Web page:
SOFT answer turneth away wrath : but mention two verses more, upon which the before.

grievous words stir up anger.] A mild, named Lord Bacon hath given some touches. submissive, and yielding answer to him who severely [c] The first is ver. 15. where by a merry heart he chides, pacifies wrath, and prevents the further pro

understands a good conscience, (Adv. of Learn. gress of it; but sharp, contemptuous, and saucy-lanb. vii. ch. 1.), and thus glosses: “A mind con- guage, incenses it more, or raises a passion where scious of good intentions, though success be want there was none before.

Sre Arg. [a] ing, affords truer and purer joy, and to nature more Ver. 2. The tongue of the wise useth knowledge ea agreeable than all that this world can furnish a man right; but the mouth of fools poureth out foolishness.] A withal, either for the enjoyment of his desires, or wise man gives profitable instructions, and understands the repose of his mind." The words, indeed, of also how to speak so seasonably and prudently, that Solomon seem to be larger, and to extend unto all it shall make the knowledge he imparts both accepthat are void of care, anxiety, and sorrow; but table and useful; whereas fools have nothing but silly this is a pious sense, and may well be comprehend. stuff to utter, or pour out their thoughts so indiscreeted in them.

ly and confusedly, that they only serve abundantly to [a] The other place is ver. 9. the beginning of it, declare their folly.

where he hath enlarged the sense further than I Ver. 3. The eyes of the LORD are in every place,
have done in my Paraphrase, (and the words will beholding the evil and the good.] There is nothing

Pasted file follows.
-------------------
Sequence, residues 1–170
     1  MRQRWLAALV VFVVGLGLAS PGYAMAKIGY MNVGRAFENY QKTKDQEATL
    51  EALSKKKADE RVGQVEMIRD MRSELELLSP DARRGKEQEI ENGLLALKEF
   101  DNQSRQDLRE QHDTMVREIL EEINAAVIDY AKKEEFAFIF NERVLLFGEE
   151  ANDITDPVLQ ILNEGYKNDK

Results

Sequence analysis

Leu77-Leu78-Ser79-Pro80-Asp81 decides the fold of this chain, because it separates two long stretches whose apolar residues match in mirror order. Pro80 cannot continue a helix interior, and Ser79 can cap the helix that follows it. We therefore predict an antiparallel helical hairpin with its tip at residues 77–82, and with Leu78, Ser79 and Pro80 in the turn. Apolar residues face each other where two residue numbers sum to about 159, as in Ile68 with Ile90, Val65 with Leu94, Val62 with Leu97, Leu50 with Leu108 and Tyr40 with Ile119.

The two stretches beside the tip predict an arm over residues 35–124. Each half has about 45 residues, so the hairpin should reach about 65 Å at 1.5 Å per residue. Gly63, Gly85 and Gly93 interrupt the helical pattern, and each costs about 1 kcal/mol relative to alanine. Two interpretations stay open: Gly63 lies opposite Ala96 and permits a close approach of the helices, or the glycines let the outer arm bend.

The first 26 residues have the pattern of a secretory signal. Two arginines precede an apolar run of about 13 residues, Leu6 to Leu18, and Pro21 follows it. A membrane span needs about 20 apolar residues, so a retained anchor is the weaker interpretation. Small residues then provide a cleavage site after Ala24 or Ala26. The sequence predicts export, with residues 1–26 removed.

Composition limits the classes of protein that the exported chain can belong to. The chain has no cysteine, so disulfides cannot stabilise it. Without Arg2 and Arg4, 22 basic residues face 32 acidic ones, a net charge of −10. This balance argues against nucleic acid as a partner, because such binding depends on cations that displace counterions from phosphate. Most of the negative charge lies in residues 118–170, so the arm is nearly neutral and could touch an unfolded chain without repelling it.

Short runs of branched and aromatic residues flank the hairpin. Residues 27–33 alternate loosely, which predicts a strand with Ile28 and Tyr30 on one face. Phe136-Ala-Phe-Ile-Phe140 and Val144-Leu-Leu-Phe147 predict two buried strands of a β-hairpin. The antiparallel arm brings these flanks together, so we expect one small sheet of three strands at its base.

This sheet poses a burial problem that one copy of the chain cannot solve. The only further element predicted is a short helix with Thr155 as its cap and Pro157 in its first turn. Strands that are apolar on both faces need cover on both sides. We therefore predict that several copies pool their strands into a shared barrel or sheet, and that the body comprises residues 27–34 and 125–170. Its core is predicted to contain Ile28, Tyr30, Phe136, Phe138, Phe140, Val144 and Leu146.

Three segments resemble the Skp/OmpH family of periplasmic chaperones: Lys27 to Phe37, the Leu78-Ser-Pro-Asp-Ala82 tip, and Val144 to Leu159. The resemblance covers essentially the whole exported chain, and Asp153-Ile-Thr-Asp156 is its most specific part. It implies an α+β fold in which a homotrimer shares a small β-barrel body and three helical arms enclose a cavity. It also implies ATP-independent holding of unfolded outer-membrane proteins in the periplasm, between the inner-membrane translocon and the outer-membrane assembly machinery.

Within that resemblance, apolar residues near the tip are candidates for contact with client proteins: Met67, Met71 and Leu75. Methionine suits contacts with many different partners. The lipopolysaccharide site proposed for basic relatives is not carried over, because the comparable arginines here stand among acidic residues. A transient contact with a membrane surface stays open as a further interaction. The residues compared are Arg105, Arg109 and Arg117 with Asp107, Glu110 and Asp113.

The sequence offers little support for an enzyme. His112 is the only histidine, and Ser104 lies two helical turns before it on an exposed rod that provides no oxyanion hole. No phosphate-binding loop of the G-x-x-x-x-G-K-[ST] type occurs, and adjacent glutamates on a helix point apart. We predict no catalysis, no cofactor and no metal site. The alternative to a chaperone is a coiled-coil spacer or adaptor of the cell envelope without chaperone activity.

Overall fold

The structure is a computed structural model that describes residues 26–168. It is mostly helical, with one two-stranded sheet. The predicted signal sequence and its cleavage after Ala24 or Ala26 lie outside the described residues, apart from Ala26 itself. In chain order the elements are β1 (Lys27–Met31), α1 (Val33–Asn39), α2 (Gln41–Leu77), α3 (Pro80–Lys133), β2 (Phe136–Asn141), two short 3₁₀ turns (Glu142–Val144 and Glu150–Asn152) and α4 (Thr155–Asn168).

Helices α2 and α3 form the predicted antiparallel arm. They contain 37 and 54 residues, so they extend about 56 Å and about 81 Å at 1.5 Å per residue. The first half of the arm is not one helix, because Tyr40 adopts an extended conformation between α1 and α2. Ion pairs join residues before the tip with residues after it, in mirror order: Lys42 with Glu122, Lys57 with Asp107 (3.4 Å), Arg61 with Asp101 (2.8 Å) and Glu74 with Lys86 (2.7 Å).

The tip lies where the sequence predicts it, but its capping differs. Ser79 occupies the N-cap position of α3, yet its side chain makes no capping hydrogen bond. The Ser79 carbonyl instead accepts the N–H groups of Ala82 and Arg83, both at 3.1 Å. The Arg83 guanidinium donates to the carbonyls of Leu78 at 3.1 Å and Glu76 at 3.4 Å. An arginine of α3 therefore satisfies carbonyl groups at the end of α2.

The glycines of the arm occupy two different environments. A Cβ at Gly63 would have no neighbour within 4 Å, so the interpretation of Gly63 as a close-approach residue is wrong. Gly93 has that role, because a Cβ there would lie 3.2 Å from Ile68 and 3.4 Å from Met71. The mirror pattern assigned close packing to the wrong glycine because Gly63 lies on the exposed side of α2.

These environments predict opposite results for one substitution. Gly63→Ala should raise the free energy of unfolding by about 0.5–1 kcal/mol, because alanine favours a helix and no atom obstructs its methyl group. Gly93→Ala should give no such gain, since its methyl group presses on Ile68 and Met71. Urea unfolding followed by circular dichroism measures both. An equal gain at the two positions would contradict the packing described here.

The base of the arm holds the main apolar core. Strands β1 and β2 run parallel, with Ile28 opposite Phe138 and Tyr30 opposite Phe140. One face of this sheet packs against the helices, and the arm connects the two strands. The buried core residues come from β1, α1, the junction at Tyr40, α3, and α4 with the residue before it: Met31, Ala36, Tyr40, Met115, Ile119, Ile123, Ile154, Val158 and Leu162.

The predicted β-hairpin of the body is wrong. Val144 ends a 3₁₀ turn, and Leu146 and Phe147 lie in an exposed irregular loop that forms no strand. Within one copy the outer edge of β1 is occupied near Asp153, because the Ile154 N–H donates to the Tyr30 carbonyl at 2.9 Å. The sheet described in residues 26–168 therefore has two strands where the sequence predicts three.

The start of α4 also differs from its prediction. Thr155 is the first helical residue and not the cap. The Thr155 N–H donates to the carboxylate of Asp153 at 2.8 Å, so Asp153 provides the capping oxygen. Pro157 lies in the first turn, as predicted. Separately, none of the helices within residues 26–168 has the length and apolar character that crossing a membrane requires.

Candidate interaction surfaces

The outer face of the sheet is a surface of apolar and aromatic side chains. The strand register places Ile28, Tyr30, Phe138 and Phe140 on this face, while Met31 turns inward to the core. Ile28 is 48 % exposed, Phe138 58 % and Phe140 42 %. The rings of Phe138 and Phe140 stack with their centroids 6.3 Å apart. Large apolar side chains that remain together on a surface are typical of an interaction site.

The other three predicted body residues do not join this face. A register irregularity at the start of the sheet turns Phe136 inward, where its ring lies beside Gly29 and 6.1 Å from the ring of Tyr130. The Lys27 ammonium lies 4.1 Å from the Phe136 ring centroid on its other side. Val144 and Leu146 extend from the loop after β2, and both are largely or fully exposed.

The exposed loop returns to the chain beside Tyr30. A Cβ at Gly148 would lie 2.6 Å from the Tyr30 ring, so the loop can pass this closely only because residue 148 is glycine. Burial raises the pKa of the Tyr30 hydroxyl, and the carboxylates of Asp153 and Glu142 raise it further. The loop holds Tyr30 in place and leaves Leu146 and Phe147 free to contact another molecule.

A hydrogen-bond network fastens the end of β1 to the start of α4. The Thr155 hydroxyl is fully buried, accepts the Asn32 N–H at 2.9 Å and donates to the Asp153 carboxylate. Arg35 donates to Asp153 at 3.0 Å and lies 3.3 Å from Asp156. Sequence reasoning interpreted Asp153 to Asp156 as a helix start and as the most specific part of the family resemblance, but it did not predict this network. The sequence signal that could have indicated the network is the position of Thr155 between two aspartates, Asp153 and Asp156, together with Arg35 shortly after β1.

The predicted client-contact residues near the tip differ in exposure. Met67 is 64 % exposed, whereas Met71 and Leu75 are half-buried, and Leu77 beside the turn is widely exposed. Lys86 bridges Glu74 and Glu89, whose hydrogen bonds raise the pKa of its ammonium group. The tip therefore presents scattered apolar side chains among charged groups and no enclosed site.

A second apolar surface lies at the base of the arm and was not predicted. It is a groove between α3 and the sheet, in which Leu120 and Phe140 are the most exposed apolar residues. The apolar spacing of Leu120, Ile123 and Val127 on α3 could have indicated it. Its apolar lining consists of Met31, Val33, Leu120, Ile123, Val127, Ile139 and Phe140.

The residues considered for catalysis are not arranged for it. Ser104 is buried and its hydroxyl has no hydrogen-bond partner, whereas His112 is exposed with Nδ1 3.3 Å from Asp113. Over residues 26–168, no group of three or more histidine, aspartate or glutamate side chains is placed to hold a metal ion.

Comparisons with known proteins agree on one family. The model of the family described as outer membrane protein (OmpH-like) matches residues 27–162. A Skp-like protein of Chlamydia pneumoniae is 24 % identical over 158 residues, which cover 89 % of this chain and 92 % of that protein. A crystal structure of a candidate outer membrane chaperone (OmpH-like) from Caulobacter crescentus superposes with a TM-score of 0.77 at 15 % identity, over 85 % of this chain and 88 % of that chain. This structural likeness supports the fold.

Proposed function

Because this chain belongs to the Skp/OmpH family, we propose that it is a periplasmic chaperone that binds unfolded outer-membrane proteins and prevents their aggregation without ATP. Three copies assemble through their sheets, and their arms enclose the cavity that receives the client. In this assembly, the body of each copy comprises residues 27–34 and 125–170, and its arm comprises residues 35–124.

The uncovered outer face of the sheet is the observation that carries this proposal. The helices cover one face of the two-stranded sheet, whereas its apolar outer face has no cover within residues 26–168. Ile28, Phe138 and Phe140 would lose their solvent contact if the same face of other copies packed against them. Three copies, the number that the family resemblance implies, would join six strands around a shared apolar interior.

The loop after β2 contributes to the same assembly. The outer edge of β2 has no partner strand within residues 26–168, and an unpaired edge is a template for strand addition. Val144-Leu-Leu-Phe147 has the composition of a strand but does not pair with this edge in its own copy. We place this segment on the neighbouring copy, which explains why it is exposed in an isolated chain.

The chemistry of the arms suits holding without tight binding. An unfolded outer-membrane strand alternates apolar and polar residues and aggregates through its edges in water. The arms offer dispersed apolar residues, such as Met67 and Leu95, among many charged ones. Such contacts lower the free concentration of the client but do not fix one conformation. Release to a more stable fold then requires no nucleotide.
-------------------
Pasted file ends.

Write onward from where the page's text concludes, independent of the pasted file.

bear it), to this purpose, that « sloth in the con- either in heaven or earth that can escape the know-
clusion proves laborious." “ For diligence and ledge of God, who is every where, and observes the
sedulous preparation levels the way we are to go most secret motions and actions of men, both good
in any business, and removes impediments in our and bad.
passage. But he that is slothful, and puts off all Ver. 4. A wholesome tongue is a tree of life : but
to the last point of execution, must needs perpe- perverseness therein is a breach in the spirit.] He that
tually at every step pass as it were through briars skilfully employs his tongue to give wholesome in-
and thorns, which ever and anon entangle, detain, structions, especially to heal differences and make
and hinder him in his proceedings. The same ob- peace, is an incomparable blessing to the place where
servation may be made concerning the government he lives, and makes it a paradise ; but he that abuses
of a family, wherein, if there be due care and pro- his tongue to poison men with ill principles, to lie, to
· videnee used, all goes on chearfully, and as it were calumniate, to make bates, doth most miserably dis-

of its own accord, without noise or tumult; but if turb mankind, and like a blighting wind) blasts all
those be wanting when some greater occasion falls the comforts of their life:
out, all matters throng in to be dispatched at once ; Ver. 5. A fool despiseth his father's instruction ; but
the servants are in an uproar, the whole house he that regardeth reproof, is prudent.] He that regards
rings, and there is nothing well done in that con- not or rejects the instruction of his father, or tutor,
fusion."

or other superior, whose love is equal to his authori.
[e] The two verses before this some have connected, ty, will always be a fool; but he that is willing to
but there is no necessity of it; though it be a great receive even rebukes, from whoresoever they come,
truth, that " passionate men are apt to make dis- and carefully observe them, hath already attained a
turbance even at feasts, which men of temperate great degree of wisdom, and prudently consults his